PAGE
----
Apache Tomcat is an open source web server that implements the Java Servlet, JavaServer Pages, Java Expression Language and Java WebSocket technologies. It can also serve static HTML pages.
This How-To describes how to set-up Tomcat to deliver static HTML pages as well as web applications packed as Web application ARchives (WAR).
Tomcat requires the Java Runtime Environment (JRE) which is included in various packages from the Alpine community repository.
Which package to install? There are couple of questions you need to answer first:
- Which version do you need?
- Do you need a JRE only or Java Development Kit (JDK)?
At the time of writing (March 2021), the most popular Java versions were Java 8 and Java 11. Java 8 is a minimum required version for Tomcat versions 9 and 10.
If you plan to use Java to run Tomcat only and you don’t need tools included in JDK, you may leverage on packages containing a JRE only with no GUI support. Package with no GUI support are also named “headless”.
To install OpenJDK 8 Java Runtime (no GUI support), execute the command:
To install OpenJDK 11 (JRE headless), execute the command:
To install OpenJDK 8 package, execute the command:
To install OpenJDK 11, execute the command:
To check which Java version is currently installed, execute the command:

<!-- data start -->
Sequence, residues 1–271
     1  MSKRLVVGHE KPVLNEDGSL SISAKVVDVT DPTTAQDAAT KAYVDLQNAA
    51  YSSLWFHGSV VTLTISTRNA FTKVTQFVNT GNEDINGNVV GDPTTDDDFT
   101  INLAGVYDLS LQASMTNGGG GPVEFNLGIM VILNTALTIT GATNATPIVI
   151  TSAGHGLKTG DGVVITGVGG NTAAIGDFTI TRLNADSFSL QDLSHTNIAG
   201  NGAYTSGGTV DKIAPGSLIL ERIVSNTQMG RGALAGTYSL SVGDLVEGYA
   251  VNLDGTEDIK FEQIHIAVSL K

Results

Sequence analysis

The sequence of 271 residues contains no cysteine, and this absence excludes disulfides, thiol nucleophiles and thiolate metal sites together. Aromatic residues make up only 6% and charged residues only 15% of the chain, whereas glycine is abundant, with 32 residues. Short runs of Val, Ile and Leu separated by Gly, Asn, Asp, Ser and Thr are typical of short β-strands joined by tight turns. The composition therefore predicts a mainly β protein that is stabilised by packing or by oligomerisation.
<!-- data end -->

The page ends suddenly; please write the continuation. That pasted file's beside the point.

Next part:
Tomcat has to be downloaded from the Apache Tomcat homepage. You need the Binary Distribution Core, download it, save it in a place where you can easily find it and extract it into a folder of your choice. As most other manuals for Tomcat use /usr/local/tomcat, this manual will assume that Tomcat is extracted there as well and call it $TOMCAT$ from now on.
Tomcat should run without any further configuration. Switch to $TOMCAT$/bin and execute the following command:
You should see a list of folders, the installed tomcat version, OS name, processor architecture and so on. If this fails, either the installed version of tomcat is somehow incompatible with the installed version of Java or one of the two programs was not properly installed.
If the first test succeeded, you can test the server itself by running catalina.sh with the start command.
Several lines of text should appear, the last line should read Tomcat started.
Now, point a browser on the same computer that Alpine runs on to http://127.0.0.1:8080/. You should see a page that says If you are seeing this, you successfully installed Tomcat. Congratulations!.
There are two ways to publish documents with Tomcat: Either a dynamic java application (for example a wiki, a forum, or a blog) or as static pages (HTML, images). Tomcat is specialized on dynamic applications, which are usually deployed as WAR file.
Installing a WAR file is easy: Simply copy it to $TOMCAT$/webapp. Tomcat will automatically install it to a folder with the same name as the WAR file (whatever is written before the .WAR extension). For example, if you install jspwiki.war, you can open the wiki on https://127.0.0.1:8080/jspwiki/.
To deliver static content, you need to edit the file server.xml in the folder $TOMCAT$/conf.
Find the <Host appBase="webapps"> section in the server.xml, and add the entry <Context docBase="/home/stuff" path="/static" /> directly before the closing </Host>. Replace /home/stuff with the folder where you will save your static files. The /static is the part of the URL you need to open your static files, it can be changed to whatever you like.
More detailed description how serving static content with tomcat works.